SEER Stat Fact Sheets: Prostate Cancer
Lifetime risk estimates are not available with the current statistics release, but will be added later when population data for older age groups are available.
Statistics at a GlanceShow More
At a Glance
- Estimated New Cases in 2016 180,890
- Estimated Deaths in 2016 26,120
Number of New Cases and Deaths per 100,000: The number of new cases of prostate cancer was 129.4 per 100,000 men per year. The number of deaths was 20.7 per 100,000 men per year. These rates are age-adjusted and based on 2009-2013 cases and deaths.
Lifetime Risk of Developing Cancer: Approximately 14.0 percent of men will be diagnosed with prostate cancer at some point during their lifetime, based on 2010-2012 data.
Prevalence of This Cancer: In 2013, there were an estimated 2,850,139 men living with prostate cancer in the United States.
Survival StatisticsShow More
How Many People Survive 5 Years Or More after Being Diagnosed with Prostate Cancer?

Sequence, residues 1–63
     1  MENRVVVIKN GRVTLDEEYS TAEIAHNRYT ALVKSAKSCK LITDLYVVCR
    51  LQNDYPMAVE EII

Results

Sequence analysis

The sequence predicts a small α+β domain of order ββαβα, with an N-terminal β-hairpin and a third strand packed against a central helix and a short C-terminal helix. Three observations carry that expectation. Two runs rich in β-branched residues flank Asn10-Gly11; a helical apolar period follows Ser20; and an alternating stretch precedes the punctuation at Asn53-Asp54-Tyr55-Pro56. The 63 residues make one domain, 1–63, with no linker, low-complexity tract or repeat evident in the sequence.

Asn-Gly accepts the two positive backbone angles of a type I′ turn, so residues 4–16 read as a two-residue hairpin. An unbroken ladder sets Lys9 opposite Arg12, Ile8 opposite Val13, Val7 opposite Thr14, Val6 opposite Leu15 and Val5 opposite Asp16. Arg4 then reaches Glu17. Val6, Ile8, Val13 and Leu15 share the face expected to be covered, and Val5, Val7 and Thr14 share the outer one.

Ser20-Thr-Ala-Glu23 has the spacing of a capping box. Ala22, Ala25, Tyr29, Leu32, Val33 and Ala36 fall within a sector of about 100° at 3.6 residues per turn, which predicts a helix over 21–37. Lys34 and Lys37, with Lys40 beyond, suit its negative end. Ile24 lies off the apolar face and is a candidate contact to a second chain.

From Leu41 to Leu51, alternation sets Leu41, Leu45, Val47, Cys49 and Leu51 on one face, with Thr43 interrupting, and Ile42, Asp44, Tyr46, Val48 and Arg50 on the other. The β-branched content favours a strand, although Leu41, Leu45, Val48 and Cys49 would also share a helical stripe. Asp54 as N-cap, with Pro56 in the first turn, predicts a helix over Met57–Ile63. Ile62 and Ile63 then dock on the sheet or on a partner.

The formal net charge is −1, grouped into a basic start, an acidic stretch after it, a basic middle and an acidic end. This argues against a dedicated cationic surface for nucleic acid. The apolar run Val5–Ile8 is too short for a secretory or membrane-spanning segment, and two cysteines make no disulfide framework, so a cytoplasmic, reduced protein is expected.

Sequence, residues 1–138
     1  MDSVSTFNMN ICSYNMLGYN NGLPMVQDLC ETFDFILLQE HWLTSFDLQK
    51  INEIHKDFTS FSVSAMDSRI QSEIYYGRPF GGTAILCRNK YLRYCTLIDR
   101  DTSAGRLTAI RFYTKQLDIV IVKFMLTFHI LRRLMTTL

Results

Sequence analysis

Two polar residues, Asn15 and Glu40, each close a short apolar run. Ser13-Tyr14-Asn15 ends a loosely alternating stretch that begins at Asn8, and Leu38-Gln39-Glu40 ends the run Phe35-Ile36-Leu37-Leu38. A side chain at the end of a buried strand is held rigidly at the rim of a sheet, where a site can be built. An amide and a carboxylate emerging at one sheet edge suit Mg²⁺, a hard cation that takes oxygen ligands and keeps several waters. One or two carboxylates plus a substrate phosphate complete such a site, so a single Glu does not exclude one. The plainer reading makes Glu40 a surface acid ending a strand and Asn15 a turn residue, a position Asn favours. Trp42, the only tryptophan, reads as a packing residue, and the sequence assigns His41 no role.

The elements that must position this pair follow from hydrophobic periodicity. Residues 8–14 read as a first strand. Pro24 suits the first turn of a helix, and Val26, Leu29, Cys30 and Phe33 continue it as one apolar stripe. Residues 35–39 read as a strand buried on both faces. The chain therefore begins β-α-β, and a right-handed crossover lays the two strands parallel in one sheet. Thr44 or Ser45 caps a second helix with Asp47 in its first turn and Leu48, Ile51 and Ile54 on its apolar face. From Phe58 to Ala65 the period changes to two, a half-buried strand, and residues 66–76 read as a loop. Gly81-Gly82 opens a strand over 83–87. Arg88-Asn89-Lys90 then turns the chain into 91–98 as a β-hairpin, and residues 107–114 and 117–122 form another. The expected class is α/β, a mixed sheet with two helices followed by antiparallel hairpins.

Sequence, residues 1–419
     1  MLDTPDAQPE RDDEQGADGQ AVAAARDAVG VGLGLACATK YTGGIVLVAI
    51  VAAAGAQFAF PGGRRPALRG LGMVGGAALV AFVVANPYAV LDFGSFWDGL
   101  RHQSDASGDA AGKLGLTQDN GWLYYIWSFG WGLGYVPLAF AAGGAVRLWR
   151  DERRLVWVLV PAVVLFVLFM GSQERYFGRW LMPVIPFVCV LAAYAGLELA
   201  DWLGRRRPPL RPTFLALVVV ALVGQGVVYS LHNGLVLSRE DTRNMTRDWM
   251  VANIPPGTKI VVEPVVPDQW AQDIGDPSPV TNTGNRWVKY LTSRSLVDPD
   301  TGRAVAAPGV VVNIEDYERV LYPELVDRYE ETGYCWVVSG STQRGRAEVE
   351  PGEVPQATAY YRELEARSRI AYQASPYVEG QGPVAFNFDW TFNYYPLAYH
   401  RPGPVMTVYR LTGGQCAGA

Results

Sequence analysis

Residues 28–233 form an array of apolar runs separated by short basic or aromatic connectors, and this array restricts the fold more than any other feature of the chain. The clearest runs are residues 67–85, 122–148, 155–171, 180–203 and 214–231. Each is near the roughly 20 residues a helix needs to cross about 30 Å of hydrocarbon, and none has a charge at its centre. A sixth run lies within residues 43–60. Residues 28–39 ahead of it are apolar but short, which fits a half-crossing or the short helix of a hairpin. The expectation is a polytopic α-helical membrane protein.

Relative survival statistics compare the survival of patients diagnosed with cancer with the survival of people in the general population who are the same age, race, and sex and who have not been diagnosed with cancer. Because survival statistics are based on large groups of people, they cannot be used to predict exactly what will happen to an individual patient. No two patients are entirely alike, and treatment and responses to treatment can vary greatly.
Based on data from SEER 18 2006-2012. Gray figures represent those who have died from prostate cancer. Green figures represent those who have survived 5 years or more.
Survival by Stage